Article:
Meet Me In St. Lewis, Louie

A collection of little-known early-twentieth-century photographs of St. Louis recalls the author’s unfashionably happy childhood

Fireflies? Glowworms? Whatever the right name for them, in St. Louis we called them lightning bugs. On summer evenings we used to chase them across our lawns, which were not divided from one another, and collect them, when caught, in little medicine bottles. We had grandiose ideas of getting enough lightning bugs together to make lamps, but it never worked out like that because they died first. I remember that they had a not unpleasant smell when clutched in my sweaty hand, a smell like that of a dilute miner’s lamp, and their glow was greenish.Read more »

A Brush Hollow Tale

Tucked away in rural southwest Wisconsin, where the west branch of the Kickapoo River crosses Route 82, is an area of the state known locally as Brush Hollow. It was there, after the turn of the century, that McGarry Morley spent much of his vacation time as a youngster, for his grandfather owned a local farm. Young Morley “loved the people, and thoroughly enjoyed all the various happenings.” Much time has passed since then, and Mr.Read more »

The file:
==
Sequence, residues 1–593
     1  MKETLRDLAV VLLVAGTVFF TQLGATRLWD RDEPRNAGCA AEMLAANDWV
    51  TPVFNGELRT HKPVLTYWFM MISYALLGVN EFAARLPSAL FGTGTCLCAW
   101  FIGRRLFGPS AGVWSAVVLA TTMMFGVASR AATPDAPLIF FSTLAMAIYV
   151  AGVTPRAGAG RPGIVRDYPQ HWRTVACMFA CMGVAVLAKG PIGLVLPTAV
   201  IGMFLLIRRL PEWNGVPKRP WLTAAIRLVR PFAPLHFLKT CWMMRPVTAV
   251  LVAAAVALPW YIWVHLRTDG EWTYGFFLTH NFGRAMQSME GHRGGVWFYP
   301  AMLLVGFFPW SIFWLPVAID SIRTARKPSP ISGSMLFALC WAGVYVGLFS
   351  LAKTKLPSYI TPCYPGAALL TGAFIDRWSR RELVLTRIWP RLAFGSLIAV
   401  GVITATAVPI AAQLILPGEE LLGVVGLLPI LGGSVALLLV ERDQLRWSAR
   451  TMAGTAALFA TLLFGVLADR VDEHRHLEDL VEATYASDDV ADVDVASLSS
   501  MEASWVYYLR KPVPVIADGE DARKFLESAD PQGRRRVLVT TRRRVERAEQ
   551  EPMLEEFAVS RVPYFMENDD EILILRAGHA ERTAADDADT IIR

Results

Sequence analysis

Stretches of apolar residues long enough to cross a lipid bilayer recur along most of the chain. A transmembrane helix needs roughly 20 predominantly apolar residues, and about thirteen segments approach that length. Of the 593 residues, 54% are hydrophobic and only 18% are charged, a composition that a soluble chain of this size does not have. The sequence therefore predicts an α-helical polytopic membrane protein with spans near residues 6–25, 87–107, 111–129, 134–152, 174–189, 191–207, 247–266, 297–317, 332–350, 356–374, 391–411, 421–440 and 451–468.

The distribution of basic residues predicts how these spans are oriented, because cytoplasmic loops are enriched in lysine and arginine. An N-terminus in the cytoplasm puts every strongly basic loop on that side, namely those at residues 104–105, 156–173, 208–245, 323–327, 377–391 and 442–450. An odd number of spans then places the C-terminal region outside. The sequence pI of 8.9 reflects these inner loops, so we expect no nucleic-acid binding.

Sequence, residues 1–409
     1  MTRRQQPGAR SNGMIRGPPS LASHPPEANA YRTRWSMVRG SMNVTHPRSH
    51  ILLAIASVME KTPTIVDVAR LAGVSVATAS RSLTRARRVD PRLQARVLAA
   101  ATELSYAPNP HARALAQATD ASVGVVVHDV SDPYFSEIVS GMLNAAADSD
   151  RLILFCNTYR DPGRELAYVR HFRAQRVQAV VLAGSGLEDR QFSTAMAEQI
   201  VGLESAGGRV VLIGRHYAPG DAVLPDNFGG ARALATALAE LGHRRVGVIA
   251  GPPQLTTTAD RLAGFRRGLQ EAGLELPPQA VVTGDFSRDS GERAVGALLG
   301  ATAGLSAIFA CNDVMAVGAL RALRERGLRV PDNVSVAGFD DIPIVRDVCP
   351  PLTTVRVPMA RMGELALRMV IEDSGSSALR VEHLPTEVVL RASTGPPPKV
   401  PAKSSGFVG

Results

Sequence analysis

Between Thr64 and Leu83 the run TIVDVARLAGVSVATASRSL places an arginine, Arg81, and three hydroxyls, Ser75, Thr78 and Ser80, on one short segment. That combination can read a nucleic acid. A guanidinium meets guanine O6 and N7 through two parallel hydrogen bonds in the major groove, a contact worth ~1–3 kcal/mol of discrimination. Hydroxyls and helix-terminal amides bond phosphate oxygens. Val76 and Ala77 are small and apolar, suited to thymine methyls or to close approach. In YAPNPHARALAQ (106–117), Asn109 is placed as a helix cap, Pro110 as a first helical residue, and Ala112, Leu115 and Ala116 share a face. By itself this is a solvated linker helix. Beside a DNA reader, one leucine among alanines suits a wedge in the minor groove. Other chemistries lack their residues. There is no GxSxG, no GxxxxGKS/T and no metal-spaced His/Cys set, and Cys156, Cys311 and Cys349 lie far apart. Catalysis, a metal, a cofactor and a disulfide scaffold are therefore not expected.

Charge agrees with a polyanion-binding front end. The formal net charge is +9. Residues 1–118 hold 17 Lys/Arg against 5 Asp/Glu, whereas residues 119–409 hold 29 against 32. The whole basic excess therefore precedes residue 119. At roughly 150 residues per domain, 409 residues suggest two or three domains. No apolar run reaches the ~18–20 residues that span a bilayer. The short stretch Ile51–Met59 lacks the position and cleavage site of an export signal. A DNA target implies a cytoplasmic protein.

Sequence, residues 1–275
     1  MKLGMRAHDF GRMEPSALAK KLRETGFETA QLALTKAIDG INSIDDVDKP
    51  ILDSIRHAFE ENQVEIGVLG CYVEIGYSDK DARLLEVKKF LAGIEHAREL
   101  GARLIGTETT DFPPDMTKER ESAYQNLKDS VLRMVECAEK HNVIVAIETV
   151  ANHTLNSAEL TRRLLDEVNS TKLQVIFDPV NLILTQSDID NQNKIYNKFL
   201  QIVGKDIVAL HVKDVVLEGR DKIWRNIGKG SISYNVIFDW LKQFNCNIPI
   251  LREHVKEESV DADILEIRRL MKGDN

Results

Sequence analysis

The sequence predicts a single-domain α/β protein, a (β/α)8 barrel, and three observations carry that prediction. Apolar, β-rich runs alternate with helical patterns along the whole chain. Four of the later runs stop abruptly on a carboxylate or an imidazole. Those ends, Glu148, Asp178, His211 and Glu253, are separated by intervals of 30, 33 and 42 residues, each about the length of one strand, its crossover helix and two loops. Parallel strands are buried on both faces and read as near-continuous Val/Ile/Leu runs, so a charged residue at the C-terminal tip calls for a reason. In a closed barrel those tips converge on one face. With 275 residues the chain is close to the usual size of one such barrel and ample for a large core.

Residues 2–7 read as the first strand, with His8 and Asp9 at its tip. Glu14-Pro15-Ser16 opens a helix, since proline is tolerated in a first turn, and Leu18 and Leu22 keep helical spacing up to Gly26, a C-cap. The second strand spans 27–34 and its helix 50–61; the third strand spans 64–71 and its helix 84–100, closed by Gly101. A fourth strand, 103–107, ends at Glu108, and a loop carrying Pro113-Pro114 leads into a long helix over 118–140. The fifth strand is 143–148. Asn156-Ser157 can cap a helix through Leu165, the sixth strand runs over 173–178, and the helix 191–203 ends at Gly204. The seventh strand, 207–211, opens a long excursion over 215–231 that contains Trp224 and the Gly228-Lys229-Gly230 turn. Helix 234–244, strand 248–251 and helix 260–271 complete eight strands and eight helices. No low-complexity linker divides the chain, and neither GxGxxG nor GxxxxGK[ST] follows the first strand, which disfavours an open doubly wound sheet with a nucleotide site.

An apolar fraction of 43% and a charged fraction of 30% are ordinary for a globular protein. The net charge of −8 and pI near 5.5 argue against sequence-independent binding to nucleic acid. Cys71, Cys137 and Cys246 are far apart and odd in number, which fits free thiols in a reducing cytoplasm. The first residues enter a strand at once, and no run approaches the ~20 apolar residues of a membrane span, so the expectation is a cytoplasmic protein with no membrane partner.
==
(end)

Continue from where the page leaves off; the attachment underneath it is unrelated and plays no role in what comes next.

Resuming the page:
Toys: A Parade From The American Past

Animals a-coming two by two: Up went the lid and you could stuff them in, Noah and all. Or you could throw them at Brother. A toy is pretty adaptable.

The beauty of a good toy is that it picks out the really important things: Oarsmen who actually row, for instance, or the steamer’s great walking beam, or a good loud bell on the train. Imagination does the rest. Any boy knows that. A toy is very like a primitive painting, a crude imitation of life; yet for all that a very shrewd glimpse at it too, for the collection we exhibit here is a kind of push-pull pageant of American history.